Blog// LGBT Adoptive Parents

Considering Transracial Adoption

There are many reasons why parents chose to adopt a child of a different race or ethnicity when undertaking a domestic adoption or infant adoption. One of the most prevalent reasons impacting infant adoption is the availability of caucasian babies placed for adoption in the USA. This is compounded with the fact that many adoption agencies will not place caucansian children with single parents or parents over 40. Some parents may also have a connection with a race through ancestry or personal experiences. Other families simply don’t care about the race or ethnicity of their child. They simply want to show a child in need the love it deserves. 

Before considering the domestic adoption of a child of a different race or ethnicity, you should consider the following points in the article below.


Consider your Beliefs and Attitudes
Before considering adopting outside of your race/ethnicity, you need to think about your beliefs and attitudes surrounding this. Consider any previous assumptions you may have made and be prepared to be seen as "different." When you adopt a child of another ethnicity or race, not only does the child look unique from the rest of your family, but they may feel that they don't fit in. Many families are comfortable with this and love celebrating differences but others may find themselves uncomfortable. 

Consider your Lifestyle
Before considering undertaking transracial/cultural adoption, you should inspect your current lifestyle and living situation. What is the demographic of your neighbourhood? Are there racial biases you might not want your child to experience? Is integrated schooling available? If you answer no to one or more of these questions, then you’ll need to consider if you’re open to moving to a new area or neighborhood.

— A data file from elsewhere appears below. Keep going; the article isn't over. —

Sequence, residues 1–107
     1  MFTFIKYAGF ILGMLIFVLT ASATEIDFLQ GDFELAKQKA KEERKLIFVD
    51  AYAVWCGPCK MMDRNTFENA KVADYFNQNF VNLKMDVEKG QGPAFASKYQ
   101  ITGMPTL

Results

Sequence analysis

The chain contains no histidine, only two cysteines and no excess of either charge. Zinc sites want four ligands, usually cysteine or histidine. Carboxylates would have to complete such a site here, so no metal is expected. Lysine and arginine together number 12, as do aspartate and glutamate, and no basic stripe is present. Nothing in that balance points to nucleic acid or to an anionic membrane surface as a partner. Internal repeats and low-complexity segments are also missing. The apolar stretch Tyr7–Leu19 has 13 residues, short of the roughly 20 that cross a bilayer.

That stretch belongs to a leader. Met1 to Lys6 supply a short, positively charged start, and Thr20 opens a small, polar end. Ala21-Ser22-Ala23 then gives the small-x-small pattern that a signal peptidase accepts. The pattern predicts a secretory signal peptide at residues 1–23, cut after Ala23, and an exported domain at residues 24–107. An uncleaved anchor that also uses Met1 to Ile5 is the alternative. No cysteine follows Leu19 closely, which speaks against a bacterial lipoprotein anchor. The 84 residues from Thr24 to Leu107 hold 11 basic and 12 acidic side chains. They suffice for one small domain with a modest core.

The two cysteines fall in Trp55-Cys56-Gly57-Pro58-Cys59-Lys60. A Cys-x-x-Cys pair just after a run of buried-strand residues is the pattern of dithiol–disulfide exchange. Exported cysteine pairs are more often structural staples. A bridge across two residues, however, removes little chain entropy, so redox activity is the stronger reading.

Do you have the time and are you willing to incorporate your child's ethnic heritage into your lives? Do you have friends of mixed races and cultures who visit regularly or will you make the time to visit cultural festivals? 

It’s really important for children of color who grow up with white parents to experience a variety of cultures and learn more about their own heritage. So if you struggle with this, then transracial adoption isn't right for you. 

Within transracial/cultural adoption, there is often the chance to adopt siblings, and the adoption of siblings will often be encouraged for the benefit of the children to stay together. This is emphasized because siblings are able to support one another and have the secure base of another person in the family who looks like they do. They also take with them their early history which can help them to feel secure in their personal timeline and may help them to adjust better. 

Therefore, when considering adopting a child outside of your race or ethnicity, you’ll need to consider the potential of opening your home up to two or three additions, not just one. Do you have the space for this or the time to care for multiple children? You’ll need to answer such questions to help you make the right decision.

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